July 31, 2008 6:47:09 PM

Every pirate copy that is out there was at one time purchased, people generally only play games for so long even if they pirate them. So aslong as the concurrent user rate is equal to or less than the total number of legal copies purchased the developers getting their fair share?

Does my purchase of crysis which has sat on the shelf barely used since completed it in the first weekend help make up for a whole load of pirates out there one at a time as far as the devs are concerned? After all the full price was payed to allow a copy of the game to be played 24-7 legally, so am I in the right to let my brother and my 3 brother in laws and my dad all install it as long as they only play it one at a time? (I dont do this - they havent got suitable pc's :D  ) People playing without the devs getting their cut is what the devs are getting upset about again here, just like traditional piracy.

The argument that the used game may be used to make a new purchase surely holds no more water than the argument that people want to try before they buy when downloading a game from bit torrent?

Im mainly playing devils advocate here. I dont pirate games, I like to have a genuine cd and nice packaging and the ability to reinstall easily etc. Im also very suspicious of the potential for security threat from hacked versions etc. I have a HUGE collection of legally brough games, dvd's and music, and no pirates around. I dislike preowned games for the chances of duff copies and damaged packaging etc, but I dont actually object to them being sold. (although I do object to the fact that they wont allow it for pc's but do for consoles.

However, I dont believe the piracy is theft line at all, its a copyright infringement and not a physical loss, its a BIG legal difference, and I dont believe every copy pirated represents money lost to a developer either. I HATE obtusive DRM, especially the stuff that forces me to use piracy hacks to play legitimately own games under vista... (Star wars lego is a good example of this) I hate having to put wear and tear on my drives and disks by constantly swapping them in and out of the drive.
July 31, 2008 6:58:46 PM

While I do think that pre-owned sales hurt these companies - any dealer which is selling pre-owned games (such as EBgames, Blockbuster video) already has a license to resell used games; so it doesn't hurt them as much as it might at first seem.

Piracy on the other hand.. well yea; I buy my games and I really don't have time for thieves.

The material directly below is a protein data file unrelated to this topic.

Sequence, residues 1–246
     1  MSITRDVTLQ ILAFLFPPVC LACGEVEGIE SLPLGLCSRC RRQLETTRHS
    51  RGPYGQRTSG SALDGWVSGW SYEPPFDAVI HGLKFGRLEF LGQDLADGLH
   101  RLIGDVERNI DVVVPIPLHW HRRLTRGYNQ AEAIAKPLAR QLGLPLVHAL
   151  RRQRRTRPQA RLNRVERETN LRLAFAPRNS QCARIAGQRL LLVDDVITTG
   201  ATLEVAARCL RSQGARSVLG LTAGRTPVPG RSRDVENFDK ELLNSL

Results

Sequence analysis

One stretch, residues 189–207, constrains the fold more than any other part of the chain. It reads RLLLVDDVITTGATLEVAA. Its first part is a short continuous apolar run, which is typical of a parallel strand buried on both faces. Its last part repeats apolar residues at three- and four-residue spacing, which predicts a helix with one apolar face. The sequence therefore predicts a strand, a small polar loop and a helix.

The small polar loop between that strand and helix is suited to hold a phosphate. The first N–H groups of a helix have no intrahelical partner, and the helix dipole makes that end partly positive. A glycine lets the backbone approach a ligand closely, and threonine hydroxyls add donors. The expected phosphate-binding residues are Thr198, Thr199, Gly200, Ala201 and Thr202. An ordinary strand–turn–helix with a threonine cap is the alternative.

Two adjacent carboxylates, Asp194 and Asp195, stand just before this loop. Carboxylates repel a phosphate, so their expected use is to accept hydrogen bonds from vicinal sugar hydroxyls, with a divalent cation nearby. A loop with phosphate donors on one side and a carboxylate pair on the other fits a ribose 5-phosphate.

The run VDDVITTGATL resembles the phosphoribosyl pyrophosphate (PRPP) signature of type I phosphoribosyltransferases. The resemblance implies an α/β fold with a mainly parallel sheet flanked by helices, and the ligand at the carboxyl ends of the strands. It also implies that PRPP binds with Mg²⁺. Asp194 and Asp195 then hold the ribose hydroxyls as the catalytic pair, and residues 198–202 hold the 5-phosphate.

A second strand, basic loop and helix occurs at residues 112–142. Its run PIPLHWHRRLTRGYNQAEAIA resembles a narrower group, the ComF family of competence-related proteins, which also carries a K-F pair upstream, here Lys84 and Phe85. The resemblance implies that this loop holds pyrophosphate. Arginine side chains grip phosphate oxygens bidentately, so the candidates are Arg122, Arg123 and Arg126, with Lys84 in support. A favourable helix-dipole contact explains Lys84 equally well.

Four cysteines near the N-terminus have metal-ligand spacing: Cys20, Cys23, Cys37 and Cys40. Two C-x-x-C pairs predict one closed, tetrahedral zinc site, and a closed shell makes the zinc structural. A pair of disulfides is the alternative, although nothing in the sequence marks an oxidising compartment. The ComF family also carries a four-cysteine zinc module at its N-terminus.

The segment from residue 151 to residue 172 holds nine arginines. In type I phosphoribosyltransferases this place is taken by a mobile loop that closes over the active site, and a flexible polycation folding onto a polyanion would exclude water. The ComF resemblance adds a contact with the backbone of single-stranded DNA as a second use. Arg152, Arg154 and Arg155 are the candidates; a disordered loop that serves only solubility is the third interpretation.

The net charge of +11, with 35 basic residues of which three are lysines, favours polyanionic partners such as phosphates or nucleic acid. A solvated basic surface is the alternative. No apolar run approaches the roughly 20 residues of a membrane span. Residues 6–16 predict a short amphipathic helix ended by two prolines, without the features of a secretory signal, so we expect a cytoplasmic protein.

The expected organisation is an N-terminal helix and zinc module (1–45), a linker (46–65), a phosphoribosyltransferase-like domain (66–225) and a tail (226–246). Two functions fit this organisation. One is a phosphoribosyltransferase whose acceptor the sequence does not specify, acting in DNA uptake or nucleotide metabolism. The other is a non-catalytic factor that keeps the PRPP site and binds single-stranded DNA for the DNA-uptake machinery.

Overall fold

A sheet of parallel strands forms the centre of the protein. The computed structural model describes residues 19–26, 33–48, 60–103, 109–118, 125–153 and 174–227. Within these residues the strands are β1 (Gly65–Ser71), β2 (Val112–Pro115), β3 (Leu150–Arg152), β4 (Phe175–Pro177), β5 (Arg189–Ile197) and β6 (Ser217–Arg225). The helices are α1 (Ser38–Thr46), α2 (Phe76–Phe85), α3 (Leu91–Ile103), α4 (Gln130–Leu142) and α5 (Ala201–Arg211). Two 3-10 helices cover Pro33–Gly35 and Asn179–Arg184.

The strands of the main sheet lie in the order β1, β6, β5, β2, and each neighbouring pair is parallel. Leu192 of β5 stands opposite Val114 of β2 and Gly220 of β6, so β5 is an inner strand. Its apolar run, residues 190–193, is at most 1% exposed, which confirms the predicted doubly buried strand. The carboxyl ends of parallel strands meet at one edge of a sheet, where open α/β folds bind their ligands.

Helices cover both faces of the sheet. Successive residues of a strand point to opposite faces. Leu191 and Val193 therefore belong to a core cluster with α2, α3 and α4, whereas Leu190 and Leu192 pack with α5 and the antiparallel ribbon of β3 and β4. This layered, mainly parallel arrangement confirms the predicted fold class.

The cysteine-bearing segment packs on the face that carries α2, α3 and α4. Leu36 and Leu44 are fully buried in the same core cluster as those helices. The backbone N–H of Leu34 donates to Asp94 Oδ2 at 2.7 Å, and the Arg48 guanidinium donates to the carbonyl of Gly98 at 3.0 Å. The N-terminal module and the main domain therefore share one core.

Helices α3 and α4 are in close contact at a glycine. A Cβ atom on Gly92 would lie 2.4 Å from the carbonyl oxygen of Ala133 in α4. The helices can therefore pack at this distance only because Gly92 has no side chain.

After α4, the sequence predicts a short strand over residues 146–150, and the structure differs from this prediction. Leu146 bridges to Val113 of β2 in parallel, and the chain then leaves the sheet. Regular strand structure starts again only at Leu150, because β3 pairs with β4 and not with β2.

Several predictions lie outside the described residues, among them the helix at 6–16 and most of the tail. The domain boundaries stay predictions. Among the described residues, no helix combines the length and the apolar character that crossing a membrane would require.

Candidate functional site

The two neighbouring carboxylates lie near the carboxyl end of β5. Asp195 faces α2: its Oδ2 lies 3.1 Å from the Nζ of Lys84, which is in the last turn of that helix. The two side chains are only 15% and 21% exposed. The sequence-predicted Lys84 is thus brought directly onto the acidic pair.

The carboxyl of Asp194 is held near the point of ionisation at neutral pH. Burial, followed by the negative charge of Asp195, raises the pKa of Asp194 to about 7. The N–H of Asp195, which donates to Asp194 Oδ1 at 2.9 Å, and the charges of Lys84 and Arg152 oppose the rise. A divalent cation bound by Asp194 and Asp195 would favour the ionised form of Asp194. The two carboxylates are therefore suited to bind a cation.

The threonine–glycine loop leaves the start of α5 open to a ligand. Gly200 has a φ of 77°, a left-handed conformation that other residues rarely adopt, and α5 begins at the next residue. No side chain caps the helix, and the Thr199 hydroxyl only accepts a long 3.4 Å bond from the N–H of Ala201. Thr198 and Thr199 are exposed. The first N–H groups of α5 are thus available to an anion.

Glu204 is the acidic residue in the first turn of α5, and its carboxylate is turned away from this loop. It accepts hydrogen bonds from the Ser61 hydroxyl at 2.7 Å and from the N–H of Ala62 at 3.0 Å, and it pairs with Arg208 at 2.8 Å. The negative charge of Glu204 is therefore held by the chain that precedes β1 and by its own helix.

July 31, 2008 7:22:22 PM

Quote:
Every pirate copy that is out there was at one time purchased, people generally only play games for so long even if they pirate them.

I'm not sure what kind of logic you used to come to that conclusion. If 1 person buys a game and then makes 100 copies which they give away or sell to others, then only 1 game was paid for but as many as 101 are being played. If somebody buys a copy then resells it there is only 1 copy bought, but never more than 1 being played. That's the difference. You can get into all the fancifull things about how long you actually play the game and how long somebody else who pirated it does and whether that constitutes one full use or not but you'll never solve anything because there are just too many variables.
Ultimately though this is a BS whine by a developer because the game companies are right in bed with those selling pre-owned copies. Sure there individuals selling their old games on Ebay and the odd private business selling pre-owned games but any real impact from pre-owned sales is coming from the guys ovaltineplease listed who the gaming industry is tied to the hip with.
July 31, 2008 8:00:58 PM

A clarification may be in order. For the majority of cases, developers make a pre-determined amount of money for each game they make, regardless of how they perform once the title goes on sale. It's the publisher that lives and dies by the the sales numbers. Of course, each title's commercial performance affects how valuable the developer's next title will be. Hence, the better your last game did, the more money a publisher will be willing to pay for your next title.

That said, the argument against pre-owned sales for games is the same argument that home video distributors made here in the U.S. during the advent of the VCR. Most movie studios were totally against rentals and used sales. Lo and behold, the studios and distributors eventually figured out a way to make the economics work in their favor. The same evolution occured with the automobile makers decades agao, who originally declared that used cars would destroy the business. Looking back at those claims now, they seem so silly.

Plus, I know the equation isn't this simple, but what the hell, here goes: if I were a developer/publisher, I'd rather have someone pay once for my game and then go to the previously-owned section at EB Games than have someone pirate it and not pay at all.
July 31, 2008 8:12:35 PM

Quote:
Plus, I know the equation isn't this simple, but what the hell, here goes: if I were a developer/publisher, I'd rather have someone pay once for my game and then go to the previously-owned section at EB Games than have someone pirate it and not pay at all.